Tourism in China may take long time to recover from Covid-19 as brand image must be restored, says GlobalData

China-outbound tourism is a significant contributor to the global tourism industry, accounting for 159 million global outbound travellers in 2019

Representational Image
Representational Image

Pre Covid-19, China was predicted a steady CAGR of 2% between 2016 and 2020  reaching 63.9 million international arrivals, according to GlobalData, a leading data and analytics company.

The outbreak originated in China and quickly spread globally. The effects of this severely impacted China as a tourism destination as well as Chinese travelers. China-outbound tourism is a significant contributor to the global tourism industry, accounting for 159 million global outbound travellers in 2019.
Moreover, the Chinese-outbound market had the second-highest spending last year, with an expenditure of US$275bn. This means when travel restrictions were introduced, China was not only impacted as a tourism destination but so were many other destinations that rely on high-yielding Chinese visitors.

Amber Barnes, Travel and Tourism Analyst at GlobalData, says: “China as a tourist destination will not be able to rebound quickly and it is uncertain how long it will take the tourism industry to recover. Additionally, the brand image of China as a  destination may be damaged. This is due to the virus starting in China which means tourists may have fear of the destination.”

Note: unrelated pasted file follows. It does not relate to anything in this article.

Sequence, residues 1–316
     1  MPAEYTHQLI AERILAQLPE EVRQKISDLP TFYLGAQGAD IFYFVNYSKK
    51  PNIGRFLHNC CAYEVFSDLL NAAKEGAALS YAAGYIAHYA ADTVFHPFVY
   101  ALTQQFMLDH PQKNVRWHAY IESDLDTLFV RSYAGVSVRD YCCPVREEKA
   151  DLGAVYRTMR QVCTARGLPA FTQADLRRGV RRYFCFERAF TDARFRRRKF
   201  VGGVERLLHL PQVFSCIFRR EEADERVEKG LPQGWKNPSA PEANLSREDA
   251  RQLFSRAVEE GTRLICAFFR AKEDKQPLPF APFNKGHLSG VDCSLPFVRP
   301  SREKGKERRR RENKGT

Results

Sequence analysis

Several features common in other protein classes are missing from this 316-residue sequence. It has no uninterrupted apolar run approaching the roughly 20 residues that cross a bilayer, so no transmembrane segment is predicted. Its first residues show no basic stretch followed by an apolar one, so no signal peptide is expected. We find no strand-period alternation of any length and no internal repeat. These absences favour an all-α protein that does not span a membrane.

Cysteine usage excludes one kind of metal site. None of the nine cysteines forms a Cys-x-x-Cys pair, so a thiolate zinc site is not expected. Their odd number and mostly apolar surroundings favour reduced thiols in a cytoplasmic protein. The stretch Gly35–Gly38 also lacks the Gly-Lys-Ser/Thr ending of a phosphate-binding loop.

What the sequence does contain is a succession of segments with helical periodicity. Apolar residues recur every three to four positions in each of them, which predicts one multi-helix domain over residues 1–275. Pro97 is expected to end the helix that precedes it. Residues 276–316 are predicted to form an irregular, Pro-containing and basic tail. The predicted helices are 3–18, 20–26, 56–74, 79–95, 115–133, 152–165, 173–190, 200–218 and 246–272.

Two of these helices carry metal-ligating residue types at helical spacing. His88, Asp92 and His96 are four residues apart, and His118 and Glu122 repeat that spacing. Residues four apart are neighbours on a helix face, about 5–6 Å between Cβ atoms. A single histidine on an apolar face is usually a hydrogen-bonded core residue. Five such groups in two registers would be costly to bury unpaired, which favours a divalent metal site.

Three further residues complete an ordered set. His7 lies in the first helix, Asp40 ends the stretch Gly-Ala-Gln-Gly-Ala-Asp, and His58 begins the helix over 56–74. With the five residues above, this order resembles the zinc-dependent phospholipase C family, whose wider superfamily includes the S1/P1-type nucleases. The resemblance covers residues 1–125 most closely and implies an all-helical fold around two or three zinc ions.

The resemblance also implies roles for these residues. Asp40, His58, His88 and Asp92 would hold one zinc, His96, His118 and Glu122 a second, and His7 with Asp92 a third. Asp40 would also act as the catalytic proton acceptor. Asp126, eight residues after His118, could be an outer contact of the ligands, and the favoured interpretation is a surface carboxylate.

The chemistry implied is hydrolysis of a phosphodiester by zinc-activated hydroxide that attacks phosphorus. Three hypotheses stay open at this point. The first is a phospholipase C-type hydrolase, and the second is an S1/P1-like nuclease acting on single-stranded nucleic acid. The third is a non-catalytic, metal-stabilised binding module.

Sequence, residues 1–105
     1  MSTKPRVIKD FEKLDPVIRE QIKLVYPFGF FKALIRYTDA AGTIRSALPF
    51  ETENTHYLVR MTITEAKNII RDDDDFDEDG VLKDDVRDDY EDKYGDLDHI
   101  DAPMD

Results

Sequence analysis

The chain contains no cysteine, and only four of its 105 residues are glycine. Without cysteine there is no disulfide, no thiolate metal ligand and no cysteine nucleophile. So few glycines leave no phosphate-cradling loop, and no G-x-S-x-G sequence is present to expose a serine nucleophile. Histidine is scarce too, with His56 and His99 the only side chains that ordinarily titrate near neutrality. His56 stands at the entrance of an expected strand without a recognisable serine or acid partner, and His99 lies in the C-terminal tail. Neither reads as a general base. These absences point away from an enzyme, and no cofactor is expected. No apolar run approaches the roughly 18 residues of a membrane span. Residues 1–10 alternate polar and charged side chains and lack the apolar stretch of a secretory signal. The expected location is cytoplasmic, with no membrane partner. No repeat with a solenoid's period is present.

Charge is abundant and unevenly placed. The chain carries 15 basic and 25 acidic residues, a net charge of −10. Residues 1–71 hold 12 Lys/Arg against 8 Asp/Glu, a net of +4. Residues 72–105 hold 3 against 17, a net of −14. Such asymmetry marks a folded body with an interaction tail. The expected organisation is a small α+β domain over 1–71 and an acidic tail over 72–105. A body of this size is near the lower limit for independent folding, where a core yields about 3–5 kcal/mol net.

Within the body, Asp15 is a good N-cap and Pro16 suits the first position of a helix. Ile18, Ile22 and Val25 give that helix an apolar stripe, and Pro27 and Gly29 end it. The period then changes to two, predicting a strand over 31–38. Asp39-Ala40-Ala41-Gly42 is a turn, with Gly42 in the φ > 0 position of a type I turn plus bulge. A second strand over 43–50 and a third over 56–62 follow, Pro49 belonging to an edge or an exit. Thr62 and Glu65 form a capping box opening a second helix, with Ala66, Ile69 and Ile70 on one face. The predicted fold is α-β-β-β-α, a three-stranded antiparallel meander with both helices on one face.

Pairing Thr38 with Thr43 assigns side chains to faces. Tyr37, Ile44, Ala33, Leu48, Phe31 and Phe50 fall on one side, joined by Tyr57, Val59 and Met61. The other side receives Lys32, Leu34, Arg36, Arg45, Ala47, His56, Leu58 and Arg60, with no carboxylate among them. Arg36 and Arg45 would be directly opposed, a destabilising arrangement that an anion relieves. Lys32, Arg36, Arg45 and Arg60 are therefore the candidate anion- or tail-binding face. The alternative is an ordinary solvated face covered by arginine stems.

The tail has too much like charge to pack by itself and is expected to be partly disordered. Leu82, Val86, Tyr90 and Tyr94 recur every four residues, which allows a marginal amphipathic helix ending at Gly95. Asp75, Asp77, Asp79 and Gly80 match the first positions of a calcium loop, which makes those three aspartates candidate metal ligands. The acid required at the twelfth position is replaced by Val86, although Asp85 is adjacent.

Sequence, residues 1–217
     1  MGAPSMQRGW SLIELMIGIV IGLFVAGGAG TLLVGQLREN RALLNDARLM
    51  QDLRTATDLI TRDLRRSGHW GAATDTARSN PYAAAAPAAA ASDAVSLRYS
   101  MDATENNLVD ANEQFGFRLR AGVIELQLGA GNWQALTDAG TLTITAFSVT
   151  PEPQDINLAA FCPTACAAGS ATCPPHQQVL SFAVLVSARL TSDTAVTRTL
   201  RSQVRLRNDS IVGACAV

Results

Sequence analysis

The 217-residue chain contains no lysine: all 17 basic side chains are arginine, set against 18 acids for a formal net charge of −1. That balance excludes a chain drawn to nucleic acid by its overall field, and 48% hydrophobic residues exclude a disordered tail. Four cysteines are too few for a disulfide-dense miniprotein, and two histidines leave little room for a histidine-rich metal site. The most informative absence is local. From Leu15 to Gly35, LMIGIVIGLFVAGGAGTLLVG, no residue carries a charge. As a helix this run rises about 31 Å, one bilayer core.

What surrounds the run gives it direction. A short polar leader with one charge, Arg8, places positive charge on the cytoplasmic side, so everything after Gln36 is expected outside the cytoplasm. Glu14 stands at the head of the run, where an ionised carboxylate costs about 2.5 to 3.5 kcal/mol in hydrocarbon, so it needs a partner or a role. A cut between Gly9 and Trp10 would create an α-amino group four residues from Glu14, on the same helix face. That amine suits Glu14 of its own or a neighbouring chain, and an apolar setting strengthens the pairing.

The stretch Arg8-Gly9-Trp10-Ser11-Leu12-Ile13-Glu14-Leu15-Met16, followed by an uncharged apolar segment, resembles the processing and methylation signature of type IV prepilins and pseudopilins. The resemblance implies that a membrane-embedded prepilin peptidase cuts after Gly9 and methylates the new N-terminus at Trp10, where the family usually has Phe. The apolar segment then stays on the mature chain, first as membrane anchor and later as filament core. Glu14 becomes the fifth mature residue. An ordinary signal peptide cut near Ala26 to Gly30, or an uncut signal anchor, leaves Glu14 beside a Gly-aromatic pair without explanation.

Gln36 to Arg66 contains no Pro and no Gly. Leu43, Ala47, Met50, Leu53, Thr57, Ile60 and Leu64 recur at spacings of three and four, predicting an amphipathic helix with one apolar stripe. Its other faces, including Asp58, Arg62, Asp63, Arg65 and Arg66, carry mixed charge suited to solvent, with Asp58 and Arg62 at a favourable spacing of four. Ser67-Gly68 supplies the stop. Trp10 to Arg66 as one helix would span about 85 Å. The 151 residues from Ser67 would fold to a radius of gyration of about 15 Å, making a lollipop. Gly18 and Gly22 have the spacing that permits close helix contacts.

GlobalData’s latest report, ‘Case Study: Impact of Covid-19 on Destinations’, reveals that the predicted forecast of 64 million international arrivals in 2020 will be impacted due to Covid-19. International arrivals were predicted to increase from the 62.6 international arrivals in which China received in 2019.

Barnes continues: “This steady increase will change to reflect a slowdown in 2020. The uncertainty of Covid-19 indicates tourism destinations will take time to recover and travelers will have doubts and fears about traveling in the future.”

“Tourism organizations and authorities must promote and reassure tourists that China is a safe tourism destination to attract tourists once Covid-19 is controlled.” Barnes concludes: “China does have the potential to recover as a destination. The country previously has shown robustness to recover from a pandemic. This was severe acute respiratory syndrome (SARS) which originated in China and quickly spread globally in 2002. This emphasizes that although a lengthy process, the brand image and tourism destination can be restored provided the relevant DMOs engage travellers with effective campaigns.”

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